Mazunte Build - Epilogue

in hive-123046 •  last month  (edited)

There are times you feel like the present situation is going to go on for ever and ever... and then suddenly you realize that it's about to be all over. The construction of our Earthship inspired tropical round structure with a reciprocal roof, and the Covid-19 crisis happened to coincide harmoniously. Since we could not leave as intended, we were forced to make use of the extra month of "quarantine" and finish the roof. On the other hand, as we were so focused on the build, we didn't have too much time to worry about the things outside of our control. Okay, we were low on beer for a short while, until we figured out how to circumvent the prohibition on alcohol that accompanied the local lockdown. And now, it looks like it's all coming to an end.

Now that we managed to reach our goal of putting the roof beams in place, some of us were all too eager to make a move. Stephane and Romain managed to book flights back to France, with an itinerary of five connections in six days. The rest of us remain here to admire our work, and do final preparations for closing the property for the rainy season when none of us is here. It's surprising it hasn't rained so far, though there is regularly thunder growling in the distance, and the constant humidity makes everyone wish it rained finally.

The Question of Protection

Protecting the logs from the rain is important, but we could not do much in terms of wrapping them up hermetically or varnishing them, as they are still a bit green and need to lose moisture. So to give them a bit of protection from above, we put a plastic tarp on top of them, stuffed cardboard underneath, and left the underside exposed.

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As for the berm, we had to fill the hole next to the curved wing-wall, covering all the tires along the concrete beam with a layer of dirt. Of course the rain is likely to wash the dirt down, so we'll need some plants with good rootage that takes hold fast. Vetiver offers itself perfectly for this, but most likely it would not be enough on its own. The first raindrops are likely to wash the dry sand down the slope, which makes up most of the berm. So to prevent this from happening (too much), I went ahead and mulched the entire hillside.

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What We Have Made

After it's done, I kinda like hanging around a structure that I've helped build, even though it may not be fully completed. It feels great to look back at experience of sharing it together. Since neither of us kept a journal during the build, we have challenged each other with the task of a chronogram: writing down as many events with dates as possible. This way, the we can put everything in a neat perspective:

January 29 was the first day we actually started working on the build, after arriving and setting up essential camp structures. In February we had lots of volunteers and no work permit, then no volunteers but a permit, and finally a fantastic Minka on Feb. 28.

On March 27 we completed the 13-course tire wall. It includes exactly 497 tires, though we pounded way more, since sever of them had to be removed in changing plans.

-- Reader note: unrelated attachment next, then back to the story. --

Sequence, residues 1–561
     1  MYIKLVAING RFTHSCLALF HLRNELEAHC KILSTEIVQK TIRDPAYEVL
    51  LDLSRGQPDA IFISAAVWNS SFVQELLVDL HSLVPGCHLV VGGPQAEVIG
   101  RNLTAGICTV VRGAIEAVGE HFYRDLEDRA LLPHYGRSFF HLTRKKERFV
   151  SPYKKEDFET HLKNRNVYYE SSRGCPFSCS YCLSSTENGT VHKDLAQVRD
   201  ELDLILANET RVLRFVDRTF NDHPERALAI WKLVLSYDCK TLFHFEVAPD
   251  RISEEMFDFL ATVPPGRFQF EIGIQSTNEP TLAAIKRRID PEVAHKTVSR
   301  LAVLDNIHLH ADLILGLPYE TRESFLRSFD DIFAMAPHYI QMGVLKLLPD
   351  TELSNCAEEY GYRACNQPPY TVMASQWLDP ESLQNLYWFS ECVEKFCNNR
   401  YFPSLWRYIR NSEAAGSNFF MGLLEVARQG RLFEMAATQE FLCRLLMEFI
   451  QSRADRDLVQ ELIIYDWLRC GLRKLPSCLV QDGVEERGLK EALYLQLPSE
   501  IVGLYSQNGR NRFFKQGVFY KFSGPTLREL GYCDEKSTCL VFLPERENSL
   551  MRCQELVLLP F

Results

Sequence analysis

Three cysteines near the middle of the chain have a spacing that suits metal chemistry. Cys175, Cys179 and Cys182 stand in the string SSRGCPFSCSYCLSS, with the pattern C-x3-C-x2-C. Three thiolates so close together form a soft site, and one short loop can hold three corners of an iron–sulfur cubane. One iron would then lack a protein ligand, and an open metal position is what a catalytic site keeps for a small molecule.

April was marked mostly by concrete. The most important pour was the bond beam was most important, using up 650 kg of cement, all in one morning, with nine of us all together, mixing by hand on the ground, pouring with buckets.

Finally, the vigas, which had been stripped of bark and soaked in boric acid for days, were put in place in about a week, positioning them on the roof on April 30. For this job there were once again nine of us.

All in all the construction was completed in three months, with a budget of $13,000 USD, including material cost, feeding the volunteers (and ourselves), gasoline, rental fees for the machines, and navigating across Mexican bureaucracy. What I particularly like about the whole build, is that the only machines we used were a back-hoe and a dump truck we had come for hauling dirt from right across the road. Otherwise, all the transportation was solved by the vehicles at the place mostly the bus and the pick-up truck.

Used My Gear Well... Used It All Up!

As for me personally, I saw a new pair of gloves get worked into the realm of uselessness, and a pair of boots which I also bought for the occasion get used up to the point where the steel toe got exposed. Beautiful symbolism, though I guess I'll manage to squeeze some good hikes, and maybe even a build out of those boots.

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Follow our Construction Adventure in This Series:

Epilogue
A View From a Bird’s Eye
Mission Accomplished!
Moving Logs Around in Practice
Talking About Logs
Visual Concrete Pour by @redhawkrising
Pouring the Bond Beam
The Circle is Complete, We're Pouring Tomorrow
Starting The Long Finish
Concrete Plans and Concrete Actions
Earthship Build in the Time of Hive and Coronavirus
Machines Taking Over Work: The Day Everything Changed
Zome Building Workshop in Mazunte
The Ceremony of a Minka
Hay Pase, Got the Permit!
The Diverse Cars at Itínera
Waiting for the Man
An Impression of Hyperadobe in La Boquilla
Bending Rebar Like a Mexican
Working at Night for the Perfect Level
The Challenge of Scoring Tires
Creating Conditions to Work and Live
Previous series: A Theater on the Beach

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looking awesome! VERY HAPPY to see such a rustic cool berm,.. AND some cooling tubes by the looks of it!the roof looks brilliant too...

and those gloves! Lol that says it all! hard work!!!
<3 CONGRATULATIONS BROTHER~!! makes me smile to read these

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